Minutes turn to hours, counting seconds tick away. Another day tomorrow, tomorrow’s just another day. Days turn into years, and time goes by, over and over, again and again, and then, years turn into decades. Decades. -Joe Walsh
Ten years is a long time. Ten years is a short time. I remember the last time we talked like it was yesterday. I was surprised you called, you loved conversation in person, but phone calls were not your forte. We had just moved to So Cal and you were so excited for us. I know you loved the area ever since you were in the Merchant Marines stationed on Catalina. I think you saw inside me and knew I was a California girl through and through and that living in Utah had been slowly killing me. So we talked a bit and made some plans for you to come and visit. You asked to speak to Nanny to wish her a happy birthday one day early. She was the last one of us to speak to you. Did you know what was going to happen? Is that why you called? I am so glad we have that conversation to remember. So much has happened since you left. After you were first gone, if I got sad I would go into the front yard where there were three giant pine trees. When the wind blew through them, I could close my eyes and imagine I was with you at the cabin. It was very comforting. The house burned down this past October and when I went by the other day; they had cut down those trees. It nearly broke my heart.
I know you probably watch over us and have seen all the things, but I want you to know we thought of you every time something big happened. Nanny got married at the cabin in the gazebo you and your son built. Remember the beautiful rocking chair you so lovingly made for me when I was pregnant with Nanny? Well now she rocks her two beautiful babies in it. When they are a little older I will tell them all about you so when they rock in it they will understand the love that went into it.
MacDougal is going to be a father. It is an amazing thought. One that brought you to my mind again. I see you sitting at the table with the little MacD, both your faces so intent. You were so creative and artistic and you passed that gift to all my kids. I recall how proud you were when Nanny gave you that painting she had done for you. I do wish you’d had more time with Bear. She took your passing so hard. I didn’t notice it, the school did. They put her in a special grief group with other second and third graders who had lost someone. But she was so young and kids heal so fast, now she hardly remembers much about you. That nearly breaks my heart.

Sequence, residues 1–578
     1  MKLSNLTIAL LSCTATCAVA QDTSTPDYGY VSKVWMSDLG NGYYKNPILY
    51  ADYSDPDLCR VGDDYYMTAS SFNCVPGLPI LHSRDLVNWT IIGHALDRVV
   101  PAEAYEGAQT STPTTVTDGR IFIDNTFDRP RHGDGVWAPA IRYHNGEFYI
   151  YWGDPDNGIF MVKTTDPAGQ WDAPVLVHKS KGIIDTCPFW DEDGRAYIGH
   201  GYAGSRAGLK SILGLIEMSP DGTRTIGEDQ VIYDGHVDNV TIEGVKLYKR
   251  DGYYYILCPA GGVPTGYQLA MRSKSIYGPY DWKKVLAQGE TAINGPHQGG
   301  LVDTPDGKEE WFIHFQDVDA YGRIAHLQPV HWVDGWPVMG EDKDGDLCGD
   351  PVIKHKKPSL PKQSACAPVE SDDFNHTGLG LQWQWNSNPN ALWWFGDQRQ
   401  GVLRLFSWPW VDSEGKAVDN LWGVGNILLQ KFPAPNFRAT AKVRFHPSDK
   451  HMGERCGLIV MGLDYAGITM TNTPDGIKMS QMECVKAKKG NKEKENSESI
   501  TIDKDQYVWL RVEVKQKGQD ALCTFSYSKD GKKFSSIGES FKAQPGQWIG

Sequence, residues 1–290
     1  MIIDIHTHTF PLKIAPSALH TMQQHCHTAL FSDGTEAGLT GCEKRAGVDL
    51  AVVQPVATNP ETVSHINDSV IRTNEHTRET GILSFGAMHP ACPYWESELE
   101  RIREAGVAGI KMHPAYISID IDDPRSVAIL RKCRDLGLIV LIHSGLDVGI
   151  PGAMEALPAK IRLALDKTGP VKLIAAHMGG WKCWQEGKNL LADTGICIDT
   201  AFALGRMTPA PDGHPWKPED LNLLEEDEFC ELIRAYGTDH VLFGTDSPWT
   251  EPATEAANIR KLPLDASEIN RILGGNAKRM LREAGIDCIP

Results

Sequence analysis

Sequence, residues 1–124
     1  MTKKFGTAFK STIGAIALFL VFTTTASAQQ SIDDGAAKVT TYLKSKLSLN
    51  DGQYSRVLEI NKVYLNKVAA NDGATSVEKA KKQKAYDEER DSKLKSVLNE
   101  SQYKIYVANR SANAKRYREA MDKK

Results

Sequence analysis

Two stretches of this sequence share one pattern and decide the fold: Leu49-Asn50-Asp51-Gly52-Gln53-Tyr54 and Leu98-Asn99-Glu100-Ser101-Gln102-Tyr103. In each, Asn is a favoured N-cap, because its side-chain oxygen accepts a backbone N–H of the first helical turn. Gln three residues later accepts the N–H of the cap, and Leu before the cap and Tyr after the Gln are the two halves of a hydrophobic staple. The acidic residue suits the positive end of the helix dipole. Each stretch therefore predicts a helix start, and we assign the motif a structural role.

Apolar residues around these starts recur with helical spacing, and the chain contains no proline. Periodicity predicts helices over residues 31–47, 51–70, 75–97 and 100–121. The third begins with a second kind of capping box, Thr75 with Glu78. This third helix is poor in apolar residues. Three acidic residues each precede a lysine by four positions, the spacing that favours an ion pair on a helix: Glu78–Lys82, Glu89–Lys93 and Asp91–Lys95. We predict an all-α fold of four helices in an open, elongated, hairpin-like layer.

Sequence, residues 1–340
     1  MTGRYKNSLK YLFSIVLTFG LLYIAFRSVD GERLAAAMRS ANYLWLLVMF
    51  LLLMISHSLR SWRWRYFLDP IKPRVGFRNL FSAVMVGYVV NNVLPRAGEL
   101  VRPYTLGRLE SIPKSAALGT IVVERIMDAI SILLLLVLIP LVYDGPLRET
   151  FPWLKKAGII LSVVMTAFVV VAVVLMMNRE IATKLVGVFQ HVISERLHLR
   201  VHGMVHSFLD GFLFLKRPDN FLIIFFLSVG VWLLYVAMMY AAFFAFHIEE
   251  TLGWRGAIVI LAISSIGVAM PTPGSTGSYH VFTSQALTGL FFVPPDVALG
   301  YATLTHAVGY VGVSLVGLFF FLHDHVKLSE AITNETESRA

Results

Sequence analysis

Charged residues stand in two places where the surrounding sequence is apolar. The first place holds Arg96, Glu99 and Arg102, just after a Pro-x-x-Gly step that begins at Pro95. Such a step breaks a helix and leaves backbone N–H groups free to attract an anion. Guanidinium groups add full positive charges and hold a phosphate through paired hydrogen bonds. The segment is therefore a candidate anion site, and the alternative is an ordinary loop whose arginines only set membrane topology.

The last few years we haven’t been to the cabin as much. Life just gets in the way. As soon as we get there the first thing my husband does is ask Gram if you made him a list of things that need to be done. She always has a list, just like you did. He loved helping you out that way. He admired you and lived for the praise you would heap on him when he built something or fixed something. You set an excellent example of grandfatherhood and he learned his lessons well. Every night at 5:00, Granma makes herself an Old Fashioned, walks over to your box and toasts you with “God love ya Ralph.” It is so sweet. The love you shared together goes on forever. Growing up watching you two is gift that helps me achieve that level of commitment and love in my marriage.
You lived a long and full life. Your strength, compassion and love helped us all. Five kids, ten grandkids and three great-grandchildren admired you. And now the one new great-grandchild, the two new great-great-grandchildren (and third on its way) are being taught by us about your life, love and strength. It is a powerful story that I love to share. Thanks for everything. I miss you.